President TrumpRobert MuellerThe New York Times. Robert Swan MuellerSasse: US should applaud choice of Mueller to lead Russia probe MORE for information about what they discussed with Mueller’s team, according to Donald John TrumpAccuser says Trump should be afraid of the truth Woman behind pro-Trump Facebook page denies being influenced by Russians Shulkin says he has White House approval to root out ‘subversion’ at VA MORE asked at least two witnesses interviewed by special counsel
Trump reportedly told White House counsel Don McGahn he should issue a statement denying a previous Times report that said Mueller’s team had learned the president once asked McGahn to fire Mueller.
Trump also reportedly asked former chief of staff Reince PriebusReinhold (Reince) Richard PriebusPriebus on chaos in Trump White House: ‘Take everything you’ve heard and multiply it by 50’ Speculation swirls about Kevin McCarthy’s future Priebus claims he helped stop Trump from firing Sessions MORE during a December meeting how his interview with Mueller’s team had gone and if the investigators had been “nice.”
Priebus, according to the Times, told Trump that they had conducted themselves professionally.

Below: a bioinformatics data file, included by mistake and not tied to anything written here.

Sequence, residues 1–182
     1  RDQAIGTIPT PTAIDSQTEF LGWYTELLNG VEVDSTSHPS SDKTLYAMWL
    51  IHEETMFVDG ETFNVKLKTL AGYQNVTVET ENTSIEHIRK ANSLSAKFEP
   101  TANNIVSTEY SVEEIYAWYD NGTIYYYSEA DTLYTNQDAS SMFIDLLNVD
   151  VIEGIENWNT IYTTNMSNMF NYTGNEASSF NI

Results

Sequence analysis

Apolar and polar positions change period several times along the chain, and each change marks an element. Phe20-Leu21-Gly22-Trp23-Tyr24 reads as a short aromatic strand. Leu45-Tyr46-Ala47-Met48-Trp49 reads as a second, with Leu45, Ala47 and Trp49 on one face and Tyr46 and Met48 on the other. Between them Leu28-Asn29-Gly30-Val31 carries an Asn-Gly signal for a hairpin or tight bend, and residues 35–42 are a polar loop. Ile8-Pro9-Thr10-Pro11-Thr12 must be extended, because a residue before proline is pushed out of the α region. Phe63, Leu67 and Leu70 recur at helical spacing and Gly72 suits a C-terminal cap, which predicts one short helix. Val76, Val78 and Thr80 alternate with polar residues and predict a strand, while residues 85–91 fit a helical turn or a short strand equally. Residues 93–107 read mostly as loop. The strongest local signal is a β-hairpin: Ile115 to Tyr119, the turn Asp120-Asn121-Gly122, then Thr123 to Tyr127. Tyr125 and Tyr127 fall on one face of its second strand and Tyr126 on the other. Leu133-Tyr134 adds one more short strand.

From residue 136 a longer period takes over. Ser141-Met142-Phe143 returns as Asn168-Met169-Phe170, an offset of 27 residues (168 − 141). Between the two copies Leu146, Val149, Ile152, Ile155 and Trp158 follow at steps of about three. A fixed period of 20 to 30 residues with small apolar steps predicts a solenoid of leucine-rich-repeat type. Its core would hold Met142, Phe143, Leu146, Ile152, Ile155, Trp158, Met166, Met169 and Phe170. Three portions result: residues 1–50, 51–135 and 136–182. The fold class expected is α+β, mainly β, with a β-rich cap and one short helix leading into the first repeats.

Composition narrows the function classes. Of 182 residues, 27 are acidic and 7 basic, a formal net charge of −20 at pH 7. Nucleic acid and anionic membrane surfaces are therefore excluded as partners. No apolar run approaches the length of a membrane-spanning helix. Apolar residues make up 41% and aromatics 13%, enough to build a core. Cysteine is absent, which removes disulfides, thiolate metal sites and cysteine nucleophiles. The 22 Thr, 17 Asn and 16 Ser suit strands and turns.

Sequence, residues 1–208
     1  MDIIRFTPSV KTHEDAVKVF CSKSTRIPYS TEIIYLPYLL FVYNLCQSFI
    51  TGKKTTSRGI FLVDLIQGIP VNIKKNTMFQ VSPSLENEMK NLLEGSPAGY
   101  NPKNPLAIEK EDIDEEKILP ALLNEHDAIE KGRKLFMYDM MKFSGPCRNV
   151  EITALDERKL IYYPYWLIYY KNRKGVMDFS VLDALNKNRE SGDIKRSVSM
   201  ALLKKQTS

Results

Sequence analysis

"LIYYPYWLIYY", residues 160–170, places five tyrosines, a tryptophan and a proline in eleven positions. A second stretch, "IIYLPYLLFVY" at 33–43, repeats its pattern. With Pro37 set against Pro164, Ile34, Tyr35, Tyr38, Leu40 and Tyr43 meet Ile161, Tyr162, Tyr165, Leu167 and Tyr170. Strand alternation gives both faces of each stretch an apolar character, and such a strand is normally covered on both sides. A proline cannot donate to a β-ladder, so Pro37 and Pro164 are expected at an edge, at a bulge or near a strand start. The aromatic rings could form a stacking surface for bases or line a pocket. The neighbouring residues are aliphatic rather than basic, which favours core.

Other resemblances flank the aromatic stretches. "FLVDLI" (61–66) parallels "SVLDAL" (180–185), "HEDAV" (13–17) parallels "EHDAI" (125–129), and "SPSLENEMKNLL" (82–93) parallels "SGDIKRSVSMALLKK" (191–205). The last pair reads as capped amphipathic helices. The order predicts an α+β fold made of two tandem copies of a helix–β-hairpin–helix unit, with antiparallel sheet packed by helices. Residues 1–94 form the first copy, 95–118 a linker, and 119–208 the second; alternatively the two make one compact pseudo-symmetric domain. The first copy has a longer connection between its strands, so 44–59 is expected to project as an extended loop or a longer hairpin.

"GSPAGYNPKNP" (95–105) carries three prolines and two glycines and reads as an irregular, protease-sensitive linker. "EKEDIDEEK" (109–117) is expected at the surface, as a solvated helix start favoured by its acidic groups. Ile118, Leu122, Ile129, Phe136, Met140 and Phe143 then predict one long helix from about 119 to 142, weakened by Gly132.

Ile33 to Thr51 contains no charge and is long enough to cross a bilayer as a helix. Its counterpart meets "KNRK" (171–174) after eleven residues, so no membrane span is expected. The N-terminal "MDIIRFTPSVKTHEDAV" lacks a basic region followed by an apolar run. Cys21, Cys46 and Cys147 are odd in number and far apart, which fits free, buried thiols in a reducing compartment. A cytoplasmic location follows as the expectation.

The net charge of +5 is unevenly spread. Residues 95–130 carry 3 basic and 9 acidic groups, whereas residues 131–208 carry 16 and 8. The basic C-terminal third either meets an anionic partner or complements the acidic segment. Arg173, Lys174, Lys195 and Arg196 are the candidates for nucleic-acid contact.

According to the report, sources familiar with the conversations informed Mueller that the conversations happened, passing them on out of concern that they were of interest to Mueller’s ongoing investigation.
Both Priebus and McGahn declined to comment to the Times through their attorney, William Burck.
Mueller’s team of investigators are looking into Russia’s role in the 2016 election and whether members of the Trump campaign conspired with Moscow to disrupt and influence the presidential race.
But the probe has also expanded to examine whether Trump has tried to obstruct the investigation.
Trump has repeatedly called the investigation a “witch hunt” and has insisted that it was the Democrats, rather than his campaign, that coordinated with the Russians during the election.
He has publicly and privately voiced deep frustration with the inquiry, which he has compared to a cloud hanging over his presidency.
The Times reported in late January that Trump once sought to have McGahn fire Mueller, but ultimately backed away from that demand after McGahn threatened to quit.
According to the latest Times report, former White House staff secretary Rob Porter, who resigned last month in the face of domestic abuse allegations, told McGahn that Trump wanted him to issue a statement denying that he had ever asked him to fire Mueller.
Porter reportedly told McGahn that Trump had suggested he would fire the White House counsel if he did not deny the Times’ story. However, McGahn did not dispute the allegation publicly.
He later told the president that the story was accurate and that the president had in fact asked him to ensure that Mueller was removed from his post, according to the Times.
-Updated 7:40 p.m.